The anterior deltoid, also known as the front delt, is one of three muscles that make up the deltoid muscle group. The other two muscles are the lateral deltoid and the posterior deltoid. As their names suggest, the anterior, lateral, and posterior delts are located at the front, side, and back of the deltoid, respectively. The anterior delt mainly functions as a flexor of the shoulder, which moves the humerus, or arm bone, in the forward and upward direction. To stretch the anterior delt, you must perform the opposite movement, which is shoulder extension, and maintain the extended position. You should do one to two stretches for your anterior delt following your shoulder or chest workouts.
Wall Anterior Deltoid Stretch
Stand about a foot away from the wall, facing away from it.
Extend your shoulders to bring your arms back.
Put your hands on the wall with your inner forearms facing downward, elbows extended.
Lean forward a bit at the waist and bend your knees slightly.
Hold this stretched position for 15 to 30 seconds, take a one minute rest period, then repeat the stretch for two additional sets.
Seated Anterior Deltoid Stretch
Sit on the floor with your knees bent.
Move your arms back by extending your shoulders.
Place your hands on the floor with your inner forearms facing forward.
Lean your torso slightly forward.
Maintain this stretched position for 15 to 30 seconds, take a one minute break, and then do the stretch for two more sets.
- When you perform the stretches, you will also be stretching the pectoralis major clavicular head, biceps brachii short head, biceps brachii long head and lateral deltoid. You are thus likely to feel the stretch in these muscle groups. To maximize the stretch on the anterior deltoid and to concentrate most of your efforts on this muscle, you may need to adjust your hand positioning on the wall or floor, and the degree to which you lean your torso forward during the stretches. Also, you can minimize the stretch on the two heads of the biceps brachii by bending your elbows a bit during the stretches.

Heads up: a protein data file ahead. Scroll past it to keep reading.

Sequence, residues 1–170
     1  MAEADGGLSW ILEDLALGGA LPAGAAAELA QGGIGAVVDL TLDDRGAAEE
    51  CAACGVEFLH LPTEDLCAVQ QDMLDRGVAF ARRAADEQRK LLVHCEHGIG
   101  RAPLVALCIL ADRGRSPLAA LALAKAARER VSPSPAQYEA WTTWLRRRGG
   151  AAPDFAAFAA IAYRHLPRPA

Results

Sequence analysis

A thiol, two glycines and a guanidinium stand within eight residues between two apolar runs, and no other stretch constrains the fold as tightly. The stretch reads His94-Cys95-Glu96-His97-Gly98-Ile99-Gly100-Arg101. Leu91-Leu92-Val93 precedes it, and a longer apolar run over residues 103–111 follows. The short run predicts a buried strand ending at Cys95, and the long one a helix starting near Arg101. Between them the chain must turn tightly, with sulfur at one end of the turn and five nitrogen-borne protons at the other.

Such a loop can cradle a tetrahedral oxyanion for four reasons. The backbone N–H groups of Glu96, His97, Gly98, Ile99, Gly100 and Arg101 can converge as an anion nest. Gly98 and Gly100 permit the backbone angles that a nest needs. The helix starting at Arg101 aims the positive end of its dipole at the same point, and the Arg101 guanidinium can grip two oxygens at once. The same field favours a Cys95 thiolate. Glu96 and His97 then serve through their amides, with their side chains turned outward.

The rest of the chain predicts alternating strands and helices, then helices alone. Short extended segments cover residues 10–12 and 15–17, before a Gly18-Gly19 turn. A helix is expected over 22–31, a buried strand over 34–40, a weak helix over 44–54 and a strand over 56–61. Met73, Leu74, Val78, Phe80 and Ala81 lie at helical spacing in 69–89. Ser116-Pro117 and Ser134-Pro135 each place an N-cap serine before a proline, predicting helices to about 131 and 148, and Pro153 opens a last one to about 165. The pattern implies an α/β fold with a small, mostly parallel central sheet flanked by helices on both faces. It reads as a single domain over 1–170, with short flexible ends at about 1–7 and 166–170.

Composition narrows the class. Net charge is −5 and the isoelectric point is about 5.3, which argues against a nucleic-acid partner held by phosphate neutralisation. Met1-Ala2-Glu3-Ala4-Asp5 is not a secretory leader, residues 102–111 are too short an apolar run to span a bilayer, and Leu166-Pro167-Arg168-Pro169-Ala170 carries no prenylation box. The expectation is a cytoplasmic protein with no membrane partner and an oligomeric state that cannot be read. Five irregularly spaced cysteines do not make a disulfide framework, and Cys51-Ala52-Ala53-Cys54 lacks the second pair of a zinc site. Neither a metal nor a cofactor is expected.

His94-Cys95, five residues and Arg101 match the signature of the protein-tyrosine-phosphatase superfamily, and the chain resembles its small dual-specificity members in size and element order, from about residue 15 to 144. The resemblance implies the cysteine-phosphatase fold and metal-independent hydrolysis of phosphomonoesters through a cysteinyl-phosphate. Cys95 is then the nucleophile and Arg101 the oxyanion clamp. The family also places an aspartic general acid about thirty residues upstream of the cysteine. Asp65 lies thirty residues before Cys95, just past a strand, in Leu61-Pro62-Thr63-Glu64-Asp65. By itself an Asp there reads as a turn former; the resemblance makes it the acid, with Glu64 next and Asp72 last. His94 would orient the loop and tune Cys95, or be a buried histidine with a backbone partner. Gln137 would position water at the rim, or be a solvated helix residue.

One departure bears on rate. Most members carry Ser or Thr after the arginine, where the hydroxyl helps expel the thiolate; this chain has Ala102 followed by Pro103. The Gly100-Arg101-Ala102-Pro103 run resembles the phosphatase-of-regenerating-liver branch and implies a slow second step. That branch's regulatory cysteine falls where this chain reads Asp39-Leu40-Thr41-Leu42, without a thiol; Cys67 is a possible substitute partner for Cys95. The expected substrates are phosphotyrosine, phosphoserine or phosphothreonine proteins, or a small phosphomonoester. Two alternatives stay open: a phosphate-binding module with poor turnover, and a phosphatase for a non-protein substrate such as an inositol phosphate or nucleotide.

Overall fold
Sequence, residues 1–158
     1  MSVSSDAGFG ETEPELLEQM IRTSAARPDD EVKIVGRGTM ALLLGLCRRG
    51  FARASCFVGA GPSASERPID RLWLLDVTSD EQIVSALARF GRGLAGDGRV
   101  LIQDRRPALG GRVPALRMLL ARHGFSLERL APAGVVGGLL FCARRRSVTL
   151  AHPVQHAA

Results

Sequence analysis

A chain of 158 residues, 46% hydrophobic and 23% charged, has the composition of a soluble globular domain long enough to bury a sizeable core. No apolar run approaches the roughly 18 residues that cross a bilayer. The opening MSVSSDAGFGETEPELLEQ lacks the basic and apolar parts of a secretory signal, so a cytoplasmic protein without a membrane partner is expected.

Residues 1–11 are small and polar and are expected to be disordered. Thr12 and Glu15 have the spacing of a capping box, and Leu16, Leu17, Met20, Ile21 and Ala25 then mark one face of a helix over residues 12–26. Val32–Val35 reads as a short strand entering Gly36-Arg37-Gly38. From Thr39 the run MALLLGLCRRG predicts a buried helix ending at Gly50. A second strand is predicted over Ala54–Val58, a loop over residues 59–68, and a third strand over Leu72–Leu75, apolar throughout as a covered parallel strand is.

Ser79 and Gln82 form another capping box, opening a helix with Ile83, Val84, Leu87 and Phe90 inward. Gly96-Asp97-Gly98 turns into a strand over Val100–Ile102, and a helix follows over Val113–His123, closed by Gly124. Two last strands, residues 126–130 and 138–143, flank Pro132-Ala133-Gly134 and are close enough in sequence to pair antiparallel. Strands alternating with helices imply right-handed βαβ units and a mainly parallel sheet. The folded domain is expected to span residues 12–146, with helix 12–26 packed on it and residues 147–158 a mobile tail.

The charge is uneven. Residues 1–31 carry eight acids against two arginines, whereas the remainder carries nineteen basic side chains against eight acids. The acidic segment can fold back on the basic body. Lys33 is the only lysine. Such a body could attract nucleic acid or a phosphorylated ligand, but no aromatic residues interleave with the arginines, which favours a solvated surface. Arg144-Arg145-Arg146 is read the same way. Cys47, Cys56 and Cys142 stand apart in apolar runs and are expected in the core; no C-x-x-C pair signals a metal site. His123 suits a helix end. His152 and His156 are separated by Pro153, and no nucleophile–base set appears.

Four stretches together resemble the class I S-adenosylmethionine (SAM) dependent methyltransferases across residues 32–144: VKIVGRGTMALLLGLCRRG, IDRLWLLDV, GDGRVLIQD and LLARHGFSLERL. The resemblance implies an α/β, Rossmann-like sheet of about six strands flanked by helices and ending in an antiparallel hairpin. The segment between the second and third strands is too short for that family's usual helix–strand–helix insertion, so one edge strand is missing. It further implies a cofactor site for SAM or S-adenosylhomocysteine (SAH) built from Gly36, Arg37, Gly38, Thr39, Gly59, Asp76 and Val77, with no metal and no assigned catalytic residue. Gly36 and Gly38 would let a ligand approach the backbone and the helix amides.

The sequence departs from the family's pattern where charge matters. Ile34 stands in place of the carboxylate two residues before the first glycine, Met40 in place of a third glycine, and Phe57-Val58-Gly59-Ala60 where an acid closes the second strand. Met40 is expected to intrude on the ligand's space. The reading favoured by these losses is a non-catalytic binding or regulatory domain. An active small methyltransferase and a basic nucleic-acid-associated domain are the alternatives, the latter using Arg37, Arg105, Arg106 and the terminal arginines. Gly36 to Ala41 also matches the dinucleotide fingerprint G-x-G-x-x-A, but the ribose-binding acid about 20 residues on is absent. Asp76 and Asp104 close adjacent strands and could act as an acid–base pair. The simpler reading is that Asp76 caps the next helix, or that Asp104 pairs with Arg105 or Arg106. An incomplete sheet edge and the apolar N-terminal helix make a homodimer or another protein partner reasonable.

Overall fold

- Do not stretch your front delts prior to your shoulder or chest workouts as that may hinder your performance. Rather, do the stretching movements at the conclusion of those workouts.
Richard Choueiri is a fitness and nutrition expert and the author of "The Human Statue Workout." He began writing professionally in 2007 and his work has been featured in Bodybuilding.com and "Physique Magazine." Choueiri studied exercise science and nutritional science at Rutgers University. He holds an American College of Sports Medicine CPT, and a National Exercise and Sports Trainers Association CMMACC.